Equilibrium, The Natural as a lifestyle

Fructose: Aging, Diabetes and Obesity disguised with a touch of sweetness

Fructose is a type of sugar that is found naturally in vegetables.

However, its chemical-industrial processing and its excessive use in the food industry is one of the suspected suspects of the increase in global obesity rates.

Fructose as such exists in plant foods, as does glucose. Both make up what we call Sugar. The first, unlike glucose, is slowly absorbed in the body, in its natural form. However, once extracted from food, such as corn (high fructose corn syrup), it is used as a sweetener in a wide variety of industrialized foods. While glucose is responsible for the sugar peaks in glycemia due to its rapid metabolism, fructose becomes stored in the body as part of its energy reserves. So far everything sounds good, however the concentrated and industrialized fructose is assimilated in such high amounts in the body that they accumulate and increase your weight and volume. On the other hand, it is such a dense form of sugar, that once stored, it is not so easy to convert into energy, so unless you lead a very active lifestyle, it leads to obesity.

Likewise, processed fructose produces other side effects in the body as it is difficult to metabolize:

  • Raises uric acid, which, in turn, contributes to high blood pressure. <>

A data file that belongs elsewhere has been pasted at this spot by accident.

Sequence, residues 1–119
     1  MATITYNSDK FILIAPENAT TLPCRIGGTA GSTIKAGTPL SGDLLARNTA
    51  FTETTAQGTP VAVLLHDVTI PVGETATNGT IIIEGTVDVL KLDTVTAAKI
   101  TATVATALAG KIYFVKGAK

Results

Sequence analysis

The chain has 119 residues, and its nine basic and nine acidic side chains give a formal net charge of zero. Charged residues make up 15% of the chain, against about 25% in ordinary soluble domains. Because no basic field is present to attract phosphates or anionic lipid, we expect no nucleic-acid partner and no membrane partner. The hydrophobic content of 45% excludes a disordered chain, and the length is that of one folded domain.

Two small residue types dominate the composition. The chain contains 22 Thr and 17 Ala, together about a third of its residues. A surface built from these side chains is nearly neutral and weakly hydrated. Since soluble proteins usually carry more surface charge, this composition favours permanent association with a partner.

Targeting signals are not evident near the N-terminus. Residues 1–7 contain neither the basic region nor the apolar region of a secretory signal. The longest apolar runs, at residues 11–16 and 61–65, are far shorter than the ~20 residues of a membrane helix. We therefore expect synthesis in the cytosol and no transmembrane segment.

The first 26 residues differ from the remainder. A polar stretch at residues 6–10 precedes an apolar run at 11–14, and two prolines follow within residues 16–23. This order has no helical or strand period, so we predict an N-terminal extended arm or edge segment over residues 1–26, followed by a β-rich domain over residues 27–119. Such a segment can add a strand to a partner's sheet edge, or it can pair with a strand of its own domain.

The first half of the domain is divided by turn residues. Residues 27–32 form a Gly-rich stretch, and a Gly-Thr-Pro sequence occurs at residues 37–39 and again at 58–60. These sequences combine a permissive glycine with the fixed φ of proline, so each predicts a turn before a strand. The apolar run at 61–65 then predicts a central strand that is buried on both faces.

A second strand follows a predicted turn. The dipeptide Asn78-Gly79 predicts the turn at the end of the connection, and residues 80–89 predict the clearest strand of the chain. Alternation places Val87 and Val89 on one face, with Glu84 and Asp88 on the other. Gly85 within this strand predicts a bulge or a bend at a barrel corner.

• Fructose on the other hand tricks the endocrine system, as it alters the secretion of hormones, and makes you feel hungry when you don't really have it, so you eat without really needing it.
  • It raises bad cholesterol, lowers good cholesterol, raises triglycerides, and blood glucose levels.

Fructose, by putting your body in a state of overdrive to process it, also leads to premature old age.

These alterations of the organism eventually lead to coronary and cerebrovascular diseases, kidney problems, diabetes; and of course, obesity.

Another immediate consequence of the fructose bombardment by the food industry in all processed foods is that the pancreas is forced to constantly produce insulin in an over-the-go spice, which not only depletes the useful life of this organ , or it gets out of control, but the rest of the body is overwhelmed and soon the cells stop responding to insulin adequately, so the glycemic indexes skyrocket, with the consequent episodes of "rush" of sugar. This first stage is what they call insulin tolerance, which later leads to what we know as diabetes.

There are other types of sweeteners that you can use to avoid using sugar, industrial derivatives of this such as fructose, such as agave honey, which is much more tolerable by the body, and does not trigger your glycemic indexes as do artificial sweeteners from of corn syrup.

Finally, we suggest a list of foods and spices that help balance your glycemic index:

Peanuts, Brazil nuts, Macadamia, almonds, pistachios, peanuts and nuts, Avocados, hummus, chickpeas, lentils, peas, carrots (raw), eggplant, broccoli, cauliflower, cabbage, lettuce, beans, red peppers, onions, plain yogurt, sweet potatoes (in small quantities), brown rice (in small quantities), quinoa (in small amounts), cherries, plums, apples, peaches, grapefruit, pears, apricots, coconut, coconut milk, kiwi, strawberries, blackberries, raspberries, cinnamon, cloves, cumin, ginseng, sage, and turmeric.

If you have risk factors such as a family history to develop type diabetes mellitus, reduce the consumption of common sugar in your food, maintain a level of physical activity; are one of the first things you should do to naturally control your blood sugar or glucose level. Consult your doctor!

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